It still boggles the mind to consider what Barry Smith accomplished last spring. The Aspenite (and writer of The Aspen Times column Irrelativity) performed four one-person shows – four separate, new shows – over four weeks at Steve’s Guitars in Carbondale. Though the pieces were billed as works-in-progress, the quality of the material, and of Smith’s signature multimedia presentation style, was staggering. Behind Smith’s audacious feat was a desire to develop a successor to “Jesus In Montana,” his award-winning debut as a stage performer. The front-runners appear to be “How I Lost My Accent,” about Smith’s teenage move from Mississippi to Southern California, and “Squatter,” detailing his time as an unpaying tenant in a series of London flats. The former kicks off Theatre Aspen’s Sunday series, at the Theatre Aspen tent Sunday, Aug. 6. Smith follows with “Squatter,” Aug. 20.
Not so long ago, B.B. King had competition for the title of King of the Blues. In fact, two other Kings – Freddie and Albert – of roughly the same vintage matched B.B. in musical talents and popularity for much of their careers. But where Freddie died in 1976, and Albert began to fade before passing in 1992, B.B. took off in his later years. The native of Itta Bena, Miss., roared into the ’90s with the blistering “Live at San Quentin,” and followed with a series of CDs calculated to win attention and expand his audience: “Blues Summit,” featuring duets with Buddy Guy, Robert Cray and others; “Deuces Wild,” with appearances by rapper Heavy D, Willie Nelson and Pink Floyd’s David Gilmour; and “Riding with the King,” a collaboration with Eric Clapton. King’s most recent release, “B.B. King & Friends – 80,” a celebration of his 80th birthday with Sheryl Crow, Elton John, Daryl Hall and other unlikely blues artists, earned a Grammy almost by default. But King has backed up the recordings with nonstop touring. His ongoing 80th-birthday tour lands in the uncommonly cozy Belly Up Saturday, Aug. 12.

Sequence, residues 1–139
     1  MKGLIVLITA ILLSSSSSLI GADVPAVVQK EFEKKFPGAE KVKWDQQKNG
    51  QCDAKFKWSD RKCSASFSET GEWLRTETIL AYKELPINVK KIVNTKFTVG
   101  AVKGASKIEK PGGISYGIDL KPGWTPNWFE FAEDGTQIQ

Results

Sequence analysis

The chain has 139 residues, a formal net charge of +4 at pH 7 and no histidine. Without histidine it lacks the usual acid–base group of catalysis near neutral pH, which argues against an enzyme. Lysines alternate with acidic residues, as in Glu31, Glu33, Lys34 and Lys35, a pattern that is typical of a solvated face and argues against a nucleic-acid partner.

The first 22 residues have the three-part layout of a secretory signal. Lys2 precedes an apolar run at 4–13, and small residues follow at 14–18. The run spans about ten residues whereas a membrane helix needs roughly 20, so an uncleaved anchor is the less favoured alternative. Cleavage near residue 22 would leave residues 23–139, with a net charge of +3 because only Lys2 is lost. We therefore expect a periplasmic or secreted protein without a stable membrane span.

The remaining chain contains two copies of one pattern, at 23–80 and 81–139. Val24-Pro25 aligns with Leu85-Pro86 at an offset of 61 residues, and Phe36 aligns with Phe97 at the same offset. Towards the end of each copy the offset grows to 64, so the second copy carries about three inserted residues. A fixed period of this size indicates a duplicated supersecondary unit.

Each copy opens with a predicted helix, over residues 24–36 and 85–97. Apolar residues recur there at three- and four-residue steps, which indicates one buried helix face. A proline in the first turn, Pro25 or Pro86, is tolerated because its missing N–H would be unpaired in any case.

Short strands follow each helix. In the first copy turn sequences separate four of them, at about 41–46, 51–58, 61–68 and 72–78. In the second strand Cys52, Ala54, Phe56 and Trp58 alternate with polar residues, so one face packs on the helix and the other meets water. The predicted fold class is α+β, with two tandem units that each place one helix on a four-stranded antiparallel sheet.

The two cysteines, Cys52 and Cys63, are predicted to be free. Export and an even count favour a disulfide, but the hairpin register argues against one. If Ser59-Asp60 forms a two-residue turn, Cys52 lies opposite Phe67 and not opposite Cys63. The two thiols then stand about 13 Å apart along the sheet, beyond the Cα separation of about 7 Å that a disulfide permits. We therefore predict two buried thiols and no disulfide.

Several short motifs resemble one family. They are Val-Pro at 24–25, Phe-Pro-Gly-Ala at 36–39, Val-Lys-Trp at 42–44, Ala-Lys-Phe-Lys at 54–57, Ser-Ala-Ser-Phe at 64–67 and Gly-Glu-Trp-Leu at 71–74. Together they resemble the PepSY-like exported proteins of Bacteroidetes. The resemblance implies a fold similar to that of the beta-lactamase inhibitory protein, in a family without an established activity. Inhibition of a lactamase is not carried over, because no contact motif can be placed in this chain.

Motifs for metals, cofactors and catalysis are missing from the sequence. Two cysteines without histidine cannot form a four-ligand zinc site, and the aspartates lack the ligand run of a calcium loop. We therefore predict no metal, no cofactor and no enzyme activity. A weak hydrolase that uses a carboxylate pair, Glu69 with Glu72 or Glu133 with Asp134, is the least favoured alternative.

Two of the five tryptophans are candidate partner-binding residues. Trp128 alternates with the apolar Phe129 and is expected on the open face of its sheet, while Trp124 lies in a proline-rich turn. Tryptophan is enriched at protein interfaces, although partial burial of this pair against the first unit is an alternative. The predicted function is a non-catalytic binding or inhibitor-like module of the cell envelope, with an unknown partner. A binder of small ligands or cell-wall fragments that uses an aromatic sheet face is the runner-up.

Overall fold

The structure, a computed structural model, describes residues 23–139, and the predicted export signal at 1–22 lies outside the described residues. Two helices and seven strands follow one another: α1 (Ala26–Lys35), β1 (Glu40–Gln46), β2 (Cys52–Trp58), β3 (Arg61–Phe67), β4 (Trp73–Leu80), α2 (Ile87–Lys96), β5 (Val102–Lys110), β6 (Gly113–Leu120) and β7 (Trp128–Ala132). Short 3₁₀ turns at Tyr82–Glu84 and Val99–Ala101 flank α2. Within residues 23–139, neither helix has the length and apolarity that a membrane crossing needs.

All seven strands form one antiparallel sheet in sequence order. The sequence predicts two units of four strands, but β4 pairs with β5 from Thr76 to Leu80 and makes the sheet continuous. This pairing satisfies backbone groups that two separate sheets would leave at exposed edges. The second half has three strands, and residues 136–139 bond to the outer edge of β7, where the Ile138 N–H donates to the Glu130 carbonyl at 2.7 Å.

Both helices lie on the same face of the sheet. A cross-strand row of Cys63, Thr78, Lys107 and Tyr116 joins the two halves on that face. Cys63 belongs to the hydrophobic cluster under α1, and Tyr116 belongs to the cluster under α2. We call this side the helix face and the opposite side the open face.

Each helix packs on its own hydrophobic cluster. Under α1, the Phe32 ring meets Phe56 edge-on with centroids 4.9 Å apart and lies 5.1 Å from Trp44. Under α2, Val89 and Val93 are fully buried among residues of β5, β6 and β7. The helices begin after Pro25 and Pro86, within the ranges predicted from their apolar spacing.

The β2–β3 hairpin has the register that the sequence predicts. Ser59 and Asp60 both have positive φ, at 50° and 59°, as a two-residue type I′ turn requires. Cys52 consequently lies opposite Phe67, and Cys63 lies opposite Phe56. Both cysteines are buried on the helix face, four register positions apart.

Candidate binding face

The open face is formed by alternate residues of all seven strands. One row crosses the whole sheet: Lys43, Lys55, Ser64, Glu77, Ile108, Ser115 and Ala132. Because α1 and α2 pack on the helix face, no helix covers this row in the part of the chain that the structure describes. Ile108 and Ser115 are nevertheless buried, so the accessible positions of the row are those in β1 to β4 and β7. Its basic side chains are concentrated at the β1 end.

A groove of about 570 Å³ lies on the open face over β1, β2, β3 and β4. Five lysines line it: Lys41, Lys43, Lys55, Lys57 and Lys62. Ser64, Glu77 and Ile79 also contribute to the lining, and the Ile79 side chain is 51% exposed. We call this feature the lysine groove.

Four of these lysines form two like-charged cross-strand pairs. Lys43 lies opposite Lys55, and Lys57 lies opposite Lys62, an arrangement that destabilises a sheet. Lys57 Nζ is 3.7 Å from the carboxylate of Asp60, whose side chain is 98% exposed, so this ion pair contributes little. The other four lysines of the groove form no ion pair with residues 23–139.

With reality and the digital world becoming ever more entwined, visual artists are at the leading edge of defining the differences between the two. The issue of what is artificial and what is natural, and the changing boundaries between the two, is confronted by Anderson Ranch Arts Center in its symposium, Artificial Reality. Dan Cameron, curator of the New Museum, will moderate a discussion between 11 artists on the topic, Tuesday through Thursday, Aug. 8-10. The discussion is part of the Ranch’s High Art in the Rockies celebration, which also includes the Recognition Dinner, Thursday, Aug. 10, honoring Michael Govan, the recently appointed director of the Los Angeles County Museum of Art. The celebration concludes Saturday, Aug. 12, with the Annual Art Auction, which includes a community picnic on the Anderson Ranch grounds.
On Monday night, the City Council listened to ideas for each old building. However, nothing laid out what the community space would actually entail — only aspirations and gathered community comment.